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Whispers of the Past: The Mesmerizing Magic Within Abu Simbel Temple

Mahmoud Gebril May 4, 2019 Published in Egypt
Whispers of the Past: The Mesmerizing Magic Within Abu Simbel Temple

A Temple Fit For a King

Of all the magnificent monuments and awe-inspiring temples on your Egypt vacation, the great Sun Temple at Abu Simbel, south of Aswan is perhaps the most unique. Commissioned by King Ramses II between 1290 and 1224 BC, in what must be one of the greatest demonstrations of narcissism in history, the gargantuan rock-cut temple was built as a show of Ramses’ political power and his divine rights as pharaoh. As one of ancient Egypt’s most powerful rulers, it was, and still is, a monument fit for a king and is a highlight of our Egypt custom tours.

Temple of Ramesses II, Abu Simbel, Egypt. One of the ancient Egypt greatest monuments in Aswan
Queen Nefertari in the Temple of Ramesses II, Abu Simbel, Egypt. One of ancient Egypt greatest monuments in Aswan

And it is the king himself who still guards the entrance to the beautiful structure. Carved directly into the side of a mountain are four colossal statues of Ramses, powerful yet majestically poised and more than enough to deter any modern-day treasure hunters.

The Sun Festival of King Ramses

But what sets Ramses’ temple apart from other ancient monuments is the architectural precision of its design. Due to the brilliance of Ramses and his architects, the entire temple was positioned so that, twice every year, the sun’s rays would align to illuminate the inner sanctum of the temple.

As the sun rises above the horizon, a single shaft of light penetrates through the temple doors and beyond and beams laser-straight through the interior hypostyle hall into the inner sanctuary to light up the gods of the living world, while Ptah, the god of the underworld, remains in shadows.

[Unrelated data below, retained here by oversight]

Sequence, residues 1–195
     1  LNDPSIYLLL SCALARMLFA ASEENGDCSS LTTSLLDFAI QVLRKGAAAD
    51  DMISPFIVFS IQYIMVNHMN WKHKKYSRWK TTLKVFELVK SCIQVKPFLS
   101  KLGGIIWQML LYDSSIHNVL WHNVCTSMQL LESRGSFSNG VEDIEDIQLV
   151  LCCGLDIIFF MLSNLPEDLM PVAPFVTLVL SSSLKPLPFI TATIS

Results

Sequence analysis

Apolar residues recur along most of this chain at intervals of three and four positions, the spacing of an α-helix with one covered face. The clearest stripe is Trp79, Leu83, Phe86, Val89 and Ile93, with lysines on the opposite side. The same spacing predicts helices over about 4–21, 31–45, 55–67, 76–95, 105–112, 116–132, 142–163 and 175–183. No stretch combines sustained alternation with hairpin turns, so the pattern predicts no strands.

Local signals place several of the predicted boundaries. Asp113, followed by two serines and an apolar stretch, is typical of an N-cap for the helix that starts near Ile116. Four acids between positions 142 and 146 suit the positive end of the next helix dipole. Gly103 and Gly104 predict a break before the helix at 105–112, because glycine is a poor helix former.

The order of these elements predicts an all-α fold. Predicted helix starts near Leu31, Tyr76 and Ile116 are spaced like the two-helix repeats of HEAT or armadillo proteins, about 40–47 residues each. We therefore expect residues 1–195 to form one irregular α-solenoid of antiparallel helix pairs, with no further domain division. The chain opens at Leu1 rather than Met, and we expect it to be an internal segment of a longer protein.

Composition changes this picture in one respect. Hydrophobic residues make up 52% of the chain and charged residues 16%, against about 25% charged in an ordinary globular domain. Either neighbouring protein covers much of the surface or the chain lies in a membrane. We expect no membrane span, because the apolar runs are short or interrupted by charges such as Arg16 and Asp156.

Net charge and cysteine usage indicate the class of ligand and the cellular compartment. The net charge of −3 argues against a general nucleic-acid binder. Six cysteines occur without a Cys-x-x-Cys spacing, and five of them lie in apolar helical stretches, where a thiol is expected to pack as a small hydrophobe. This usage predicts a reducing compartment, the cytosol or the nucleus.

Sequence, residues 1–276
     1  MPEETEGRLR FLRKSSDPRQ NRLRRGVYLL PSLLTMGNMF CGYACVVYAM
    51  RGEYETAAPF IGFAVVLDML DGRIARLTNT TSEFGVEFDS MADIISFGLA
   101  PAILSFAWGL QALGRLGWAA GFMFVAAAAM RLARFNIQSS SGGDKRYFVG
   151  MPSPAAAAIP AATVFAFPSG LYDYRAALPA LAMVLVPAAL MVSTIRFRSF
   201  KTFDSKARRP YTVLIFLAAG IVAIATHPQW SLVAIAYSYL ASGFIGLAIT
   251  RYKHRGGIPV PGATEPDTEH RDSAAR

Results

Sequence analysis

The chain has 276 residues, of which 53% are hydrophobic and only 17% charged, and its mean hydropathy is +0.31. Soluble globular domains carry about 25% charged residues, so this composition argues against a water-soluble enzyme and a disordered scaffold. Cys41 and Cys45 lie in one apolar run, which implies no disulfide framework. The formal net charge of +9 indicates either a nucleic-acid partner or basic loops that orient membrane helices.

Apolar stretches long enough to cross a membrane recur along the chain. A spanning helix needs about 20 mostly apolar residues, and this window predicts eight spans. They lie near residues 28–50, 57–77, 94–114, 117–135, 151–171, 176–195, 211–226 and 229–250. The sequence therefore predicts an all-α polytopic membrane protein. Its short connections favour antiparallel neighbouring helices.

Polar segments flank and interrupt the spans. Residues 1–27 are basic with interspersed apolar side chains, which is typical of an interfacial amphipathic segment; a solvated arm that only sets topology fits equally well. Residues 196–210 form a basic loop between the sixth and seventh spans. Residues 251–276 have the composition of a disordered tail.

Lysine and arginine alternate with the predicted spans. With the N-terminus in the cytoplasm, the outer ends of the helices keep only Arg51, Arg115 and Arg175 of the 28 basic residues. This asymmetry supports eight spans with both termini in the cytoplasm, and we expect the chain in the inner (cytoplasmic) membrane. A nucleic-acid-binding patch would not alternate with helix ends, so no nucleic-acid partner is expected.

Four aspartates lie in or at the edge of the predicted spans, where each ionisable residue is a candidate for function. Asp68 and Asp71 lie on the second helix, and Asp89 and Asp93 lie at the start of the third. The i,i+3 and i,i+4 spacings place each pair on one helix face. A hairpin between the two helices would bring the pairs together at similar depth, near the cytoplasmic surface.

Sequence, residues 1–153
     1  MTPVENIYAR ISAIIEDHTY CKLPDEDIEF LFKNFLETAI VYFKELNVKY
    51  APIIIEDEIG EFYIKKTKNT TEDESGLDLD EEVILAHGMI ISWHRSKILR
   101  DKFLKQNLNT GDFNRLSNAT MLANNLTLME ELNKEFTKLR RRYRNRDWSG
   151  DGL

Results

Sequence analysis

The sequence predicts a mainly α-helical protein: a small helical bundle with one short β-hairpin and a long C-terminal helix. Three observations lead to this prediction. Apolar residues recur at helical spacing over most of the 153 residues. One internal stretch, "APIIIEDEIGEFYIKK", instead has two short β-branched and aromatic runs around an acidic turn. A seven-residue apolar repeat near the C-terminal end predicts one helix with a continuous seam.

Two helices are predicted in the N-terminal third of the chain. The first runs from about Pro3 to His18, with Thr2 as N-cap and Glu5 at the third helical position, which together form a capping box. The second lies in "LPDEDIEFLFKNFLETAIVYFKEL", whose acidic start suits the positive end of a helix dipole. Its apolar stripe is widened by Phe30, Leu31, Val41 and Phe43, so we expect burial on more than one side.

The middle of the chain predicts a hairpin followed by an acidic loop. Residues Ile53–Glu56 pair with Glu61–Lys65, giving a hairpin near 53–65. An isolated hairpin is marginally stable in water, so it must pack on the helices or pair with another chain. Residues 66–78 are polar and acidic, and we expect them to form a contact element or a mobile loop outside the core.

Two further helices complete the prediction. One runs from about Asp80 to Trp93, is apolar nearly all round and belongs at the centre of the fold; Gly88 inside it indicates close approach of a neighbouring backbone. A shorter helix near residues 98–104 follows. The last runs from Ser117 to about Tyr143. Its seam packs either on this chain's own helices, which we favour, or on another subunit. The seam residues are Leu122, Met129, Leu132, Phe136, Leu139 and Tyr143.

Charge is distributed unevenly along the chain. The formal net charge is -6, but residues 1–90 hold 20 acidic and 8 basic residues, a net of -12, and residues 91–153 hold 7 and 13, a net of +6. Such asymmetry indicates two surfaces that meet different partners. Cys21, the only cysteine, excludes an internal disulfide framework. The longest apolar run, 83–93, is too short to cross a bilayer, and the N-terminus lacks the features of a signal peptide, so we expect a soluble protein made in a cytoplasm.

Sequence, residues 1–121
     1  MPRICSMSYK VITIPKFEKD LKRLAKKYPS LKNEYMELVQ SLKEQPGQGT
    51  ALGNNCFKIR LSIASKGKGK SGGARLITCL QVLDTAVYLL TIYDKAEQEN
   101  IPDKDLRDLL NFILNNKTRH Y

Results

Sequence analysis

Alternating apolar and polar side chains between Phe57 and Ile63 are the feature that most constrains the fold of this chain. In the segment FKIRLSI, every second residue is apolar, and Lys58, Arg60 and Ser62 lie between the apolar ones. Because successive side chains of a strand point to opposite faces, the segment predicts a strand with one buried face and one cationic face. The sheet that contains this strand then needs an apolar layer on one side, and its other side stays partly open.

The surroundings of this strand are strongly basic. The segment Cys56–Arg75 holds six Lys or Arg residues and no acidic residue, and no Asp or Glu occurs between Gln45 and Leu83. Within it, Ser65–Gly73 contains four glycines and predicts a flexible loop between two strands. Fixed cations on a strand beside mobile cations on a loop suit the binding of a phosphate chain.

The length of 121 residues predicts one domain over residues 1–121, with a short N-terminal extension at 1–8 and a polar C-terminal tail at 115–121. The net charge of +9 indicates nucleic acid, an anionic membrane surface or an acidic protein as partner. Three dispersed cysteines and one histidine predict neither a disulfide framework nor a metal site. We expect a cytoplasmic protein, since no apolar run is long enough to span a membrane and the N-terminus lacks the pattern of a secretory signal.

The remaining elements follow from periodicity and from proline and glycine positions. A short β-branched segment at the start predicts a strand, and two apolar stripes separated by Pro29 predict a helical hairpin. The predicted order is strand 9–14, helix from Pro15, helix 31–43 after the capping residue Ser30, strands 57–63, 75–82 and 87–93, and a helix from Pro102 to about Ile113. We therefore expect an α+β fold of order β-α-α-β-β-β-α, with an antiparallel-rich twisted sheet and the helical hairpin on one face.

It is a truly spectacular phenomenon, and the event is now celebrated with the Abu Simbel Sun Festival, which takes place on the date of Ramses’ ascension to the throne, February 22nd, and also on his birthday, on October 22nd.

Remember that scene from Raiders of the Lost Arc, where Indiana Jones places the staff in the beam of light? The inspiration for that scene was clearly found at Abu Simbel.

Abu Simbel Temple
The statue of Ramses II at the Great Temple of Abu Simbel. The temples were dismantled and relocated in 1968 when Aswan dam was built.

Awesome Engineering, Both Old and New

After the construction of the Aswan High Dam, well worth a visit itself, and because of the risk of destruction from the rising waters of the Nile and Lake Nasser, in 1972 the temple was re-located to nearby higher ground. It was a remarkable feat of modern engineering, and meant that the temple would stand for all eternity, just as Ramses demanded. It does mean that the sun now strikes a day later than Ramses planned, but it does not diminish the beauty of what is another of Egypt’s spellbinding and legendary monuments you’ll experience on your Egypt tour. King Ramses II also built Luxor temple in the city of Luxor, parts in Karnak temple, and he also built the Ramesseum temple in the West bank of Luxor. The tomb of King Rameses II in the Valley of the Kings is one of the best tombs as well as his wife’s tomb in the Valley of the Queens.

Philae On The Nile

But the remarkable temples of Abu Simbel aren’t the only attraction in the area. On a small island in the middle of the Nile River sits one of ancient Nubia’s most important monument sites, the Temples of Philae. The temples were an ancient pilgrimage destination for followers of the cult of Isis, and have been venerated by travelers on their own Egypt travel packages for millennia. With its spectacular colonnades and intricate craved friezes, and with a backdrop of the gently flowing Nile all around, Philae is simply stunning.

Philae and Abu Simbel Temples both were moved to new locations
Philae Temple

Much like the temples at Abu Simbel, Philae temple was also at risk from the rising water levels, but thanks to UNESCO‘s fantastic rescue project, they coordinated to move the temple from Philae Island to its modern home on nearby Agilika Island, block by massive block. Even the great King Ramses himself would be impressed.

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